Mayor back from visit to China, Japan

Schmoke helped honor 15- , 20-year anniversaries of sister city program

July 31, 1999|By Gerard Shields | Gerard Shields,SUN STAFF

Mayor Kurt L. Schmoke has returned from his 10-day trip to China and Japan to celebrate the anniversaries of Baltimore's sister cities program.

Schmoke visited Xiamen, China, and Kawasaki, Japan, to celebrate anniversaries of the cultural, business and education collaboration with Baltimore. Xiamen became a sister city 15 years ago; Kawasaki, 20 years ago.

Schmoke acknowledged that although some city residents may question the benefits of such exchanges, the trips help participating countries, Schmoke said.

Baltimore has an education and health exchange with Japan that allows the city to send a schoolteacher to visit the nation each year.

The trip to Asia was part of an increase in Schmoke's globe-trotting since his December announcement that he will step down as mayor after 12 years. Since the news, Schmoke has visited Ghana, England and Cuba in addition to his latest trip.

The mayor defended the travel, saying that in the past he has sent city representatives. Schmoke, who will end his term in early December, said the trips have been mostly paid for by sponsoring private groups and foundations.

The host countries picked up the costs of the China and Japan trips, except for the mayor's airfare, aides said.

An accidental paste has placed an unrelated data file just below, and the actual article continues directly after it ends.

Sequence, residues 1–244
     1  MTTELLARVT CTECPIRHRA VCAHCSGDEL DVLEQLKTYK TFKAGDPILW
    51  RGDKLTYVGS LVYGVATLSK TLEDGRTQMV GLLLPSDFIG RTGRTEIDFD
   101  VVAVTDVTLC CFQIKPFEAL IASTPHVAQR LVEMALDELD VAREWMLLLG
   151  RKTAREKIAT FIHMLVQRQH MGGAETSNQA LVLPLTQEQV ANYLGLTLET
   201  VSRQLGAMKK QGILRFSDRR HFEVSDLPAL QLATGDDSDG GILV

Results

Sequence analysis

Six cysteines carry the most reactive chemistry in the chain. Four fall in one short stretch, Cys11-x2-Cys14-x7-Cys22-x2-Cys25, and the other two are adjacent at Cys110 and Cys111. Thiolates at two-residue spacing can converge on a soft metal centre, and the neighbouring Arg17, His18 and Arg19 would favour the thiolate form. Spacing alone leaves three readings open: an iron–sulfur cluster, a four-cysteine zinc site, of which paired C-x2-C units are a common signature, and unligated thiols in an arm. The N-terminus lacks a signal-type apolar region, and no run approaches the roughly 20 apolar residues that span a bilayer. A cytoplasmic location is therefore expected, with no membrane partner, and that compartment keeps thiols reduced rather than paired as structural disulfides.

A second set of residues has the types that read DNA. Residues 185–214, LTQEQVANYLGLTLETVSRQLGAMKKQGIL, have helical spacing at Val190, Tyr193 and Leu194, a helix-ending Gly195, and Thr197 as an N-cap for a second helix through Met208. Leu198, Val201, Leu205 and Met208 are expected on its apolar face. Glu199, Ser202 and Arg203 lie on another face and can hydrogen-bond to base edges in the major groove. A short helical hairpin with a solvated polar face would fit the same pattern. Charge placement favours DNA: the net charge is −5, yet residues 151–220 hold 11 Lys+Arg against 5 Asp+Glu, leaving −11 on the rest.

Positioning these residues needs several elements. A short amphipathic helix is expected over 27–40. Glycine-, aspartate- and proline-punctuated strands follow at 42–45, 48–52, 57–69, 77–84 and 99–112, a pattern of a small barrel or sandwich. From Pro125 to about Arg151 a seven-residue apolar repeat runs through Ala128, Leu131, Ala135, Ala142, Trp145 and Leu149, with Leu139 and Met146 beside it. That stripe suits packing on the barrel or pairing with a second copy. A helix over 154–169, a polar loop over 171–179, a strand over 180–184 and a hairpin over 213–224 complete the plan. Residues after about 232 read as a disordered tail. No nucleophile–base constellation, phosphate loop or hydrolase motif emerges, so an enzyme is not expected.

"Some of the programs are purely ceremonial," Schmoke said. "Others involve exchanges, and others involve business. We are part of a global village."

Schmoke has gained significant national attention for sparking a cultural exchange earlier this year with Cuba. In addition to the much-publicized baseball game between the Baltimore Orioles and the Cuban National Team, several city department heads, including health and public works leaders, have visited the country.

"The sister cities exchanges are considered extremely important to the cities involved," Schmoke said.

The mayor said yesterday that in two weeks, seven Cuban health officials will be visiting Baltimore and touring area medical facilities. The city's proximity to the nation's capital will ensure that Schmoke's successor will also play a role in Baltimore's global relationships, he said.

"Travel is going to be an important part of what the next mayor does," Schmoke said. "I do think it's important."

Pub Date: 7/31/99

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